When listening to the Deluxe Edition of U2’s The Unforgettable Fire, the lyrics
“Something in your heart beats like something new” seem even more reflectively poignant. Those are the same lyrics that Bono improvised on the penultimate track “Elvis Presley and America.” Bono sung the words over the slowed down backing track of the opener “A Sort of Homecoming,” which was actually producer Brian Eno’s idea. Thus, Eno’s inventive suggestion gave the album a full circle of Fire.
I have to thank a childhood family friend for introducing Fire to me when I was a naïve teenager living in Texas. Our familia had just moved away from Detroit to the small, isolated border town of Laredo, and he came to visit us over the summer and brought some very bizarre music with him. Two albums that I remember were Brian Eno-influenced artists, the first being Talking Heads’ Little Creatures and the second The Unforgettable Fire. Both albums were a bit of a shock to my brothers and me. We were still in our vintage rock mode, listening to The Who and The Beatles, so when he brought U2 and Talking Heads into our lives it opened the doors to new worlds of music that we had yet to discover.
Ever since that moment, it seems every time I listen to The Unforgettable Fire I discover something new that I didn’t hear the time before. I liken Fire to a painting that evolves with every viewing. Every stroke of meaning within the beats, basslines, riffs and lyrics comes to life at different spaces from the time before. Fire is far from my favorite U2 album but I can say with every year I grow older, the more I appreciate the infinite complexities of this challenging yet beautiful album. For instance, I never knew that “Elvis Presley and America” was “Homecoming” slowed down with Bono singing ode-like lyrics challenging the anti-Elvis biography by Albert Goldman. This was before Bono did the same thing against Goldman with Lennon on Rattle and Hum‘s “God Part II.”
I also recently learned that before recording Fire, Bono absorbed volumes of poetry, fiction and philosophy. Even though Bono tried to lift his lyrics with touches of poetic splendor, to this day, he claims that words of “Bad” and “Pride” were only “incomplete sketches” left to be filled in by the listener. Did you know that “Bad” was Bono’s attempt to share the experience of floating within the bewildering ecstasy that is heroin? I hear “Bad” as a personal journey of hell and redemption. And raise your hand if you knew that Chrissie Hynde of The Pretenders sings backing vocals on “Pride”
The problem I have with Fire is that there’s an inconsistent sense of sequencing. It doesn’t flow very well but it is this gives Fire a dream-like aesthetic that definitely has the influence of Brian Eno. It’s like a book in which every song is chapter with a different feel. According to Bono, the emotional spark of the fire, the exhibition of paintings by the survivors of Hiroshima of which the album was named, can be found within the “image of `the unforgettable fire’ applied not only to the nuclear winterscape of `A Sort of Homecoming,’ but also the unforgettable fire of a man like Martin Luther King, or the consuming fire which is heroin.” Listen for this as you spin this Deluxe Edition with headphones on.
The remastering job is magnificent and even more unforgettable. The themes, colors, and sounds of peace inside the flames of hope come alive even more in this deluxe edition directed by The Edge. Going back to Fire is only part of the reason to revisit this album. The highlight for me is the bonus disc that includes the newly resurrected outtake “Disappearing Act.” Twenty-five years after creating the backing track called “White City” Bono came up with a magnificent vocal melody in France and the result is the best U2 song never to be released as a single. It’s a shame that this unheard classic is relegated to a bonus disc. To me “Disappearing Act” should’ve been included on No Line on the Horizon. It’s the hit song that was missing from that stellar album. And word has it that Bono was disappointed with the success of No Line on the Horizon: “I suppose we’ve made a work that is a bit too challenging for people who have grown up with a diet of pop-stars,” he said. Ironically enough that quote best describes the emotions some had about Fire.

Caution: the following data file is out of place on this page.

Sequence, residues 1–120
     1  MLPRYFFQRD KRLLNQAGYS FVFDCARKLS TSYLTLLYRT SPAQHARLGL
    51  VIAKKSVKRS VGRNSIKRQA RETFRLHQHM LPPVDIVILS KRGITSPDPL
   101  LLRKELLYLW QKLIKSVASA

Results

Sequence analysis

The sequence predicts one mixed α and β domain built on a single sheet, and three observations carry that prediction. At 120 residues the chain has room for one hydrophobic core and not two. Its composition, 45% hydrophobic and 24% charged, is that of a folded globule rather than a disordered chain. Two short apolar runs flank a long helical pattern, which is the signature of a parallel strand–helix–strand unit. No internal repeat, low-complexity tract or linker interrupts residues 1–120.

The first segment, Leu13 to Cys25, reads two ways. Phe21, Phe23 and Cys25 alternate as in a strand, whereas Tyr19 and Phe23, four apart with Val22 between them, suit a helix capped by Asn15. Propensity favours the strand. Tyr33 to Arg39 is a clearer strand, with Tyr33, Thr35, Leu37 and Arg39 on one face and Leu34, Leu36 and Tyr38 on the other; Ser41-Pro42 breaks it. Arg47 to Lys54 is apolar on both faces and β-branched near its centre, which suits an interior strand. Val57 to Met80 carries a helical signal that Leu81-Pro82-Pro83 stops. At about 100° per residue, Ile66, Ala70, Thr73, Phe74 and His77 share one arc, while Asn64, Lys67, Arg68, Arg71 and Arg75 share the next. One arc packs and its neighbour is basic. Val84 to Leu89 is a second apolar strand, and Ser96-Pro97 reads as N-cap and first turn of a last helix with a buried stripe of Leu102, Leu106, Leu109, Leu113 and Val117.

The Bonus disc also adds my favorite tracks from Wide Awake in America. The versions of “Bad” and “A Sort of Homecoming” are livelier in their evolved incarnations. Looking back it shows the power of those songs from The Unforgettable Fire that can grow from a very polished form to an even more memorably freer sound on stage. To me, the live version of “Bad” still trumps the original from the album. Although I still don’t get the Heroin storyline that Bono was aiming for, I still love this song.
Another one of my favorites from Wide Awake is the very beautiful “Three Sunrises.” This is another song that Edge claims almost made the final track listing. He says it that “Three Sunrises” had a different feel but to me it’s not that different than the vibe of a song like “Pride.” It could have been the ultimate denouement after “MLK.” Imagine the imagery of a fiery sunrise. Sounds perfect to my ears. There are a few very killer instrumentals; remixes and even a very curious world beat remix of “A Sort of Homecoming” by Daniel Lanois that features the backing vocals of Peter Gabriel. I’m still on the fence over this one, though die-hard U2 fans will want it for their collection.
There are so many reasons to go back to the Fire but the best is hidden within the words of “A Sort of Homecoming.” “And as you hunger for the time, time to hear desire time, and your earth moves beneath your own dream landscape“—that lyric best describes the beauty of coming home to the magnificence of this timeless album. Close your eyes strike the magic and let this strange and beautiful music take you over.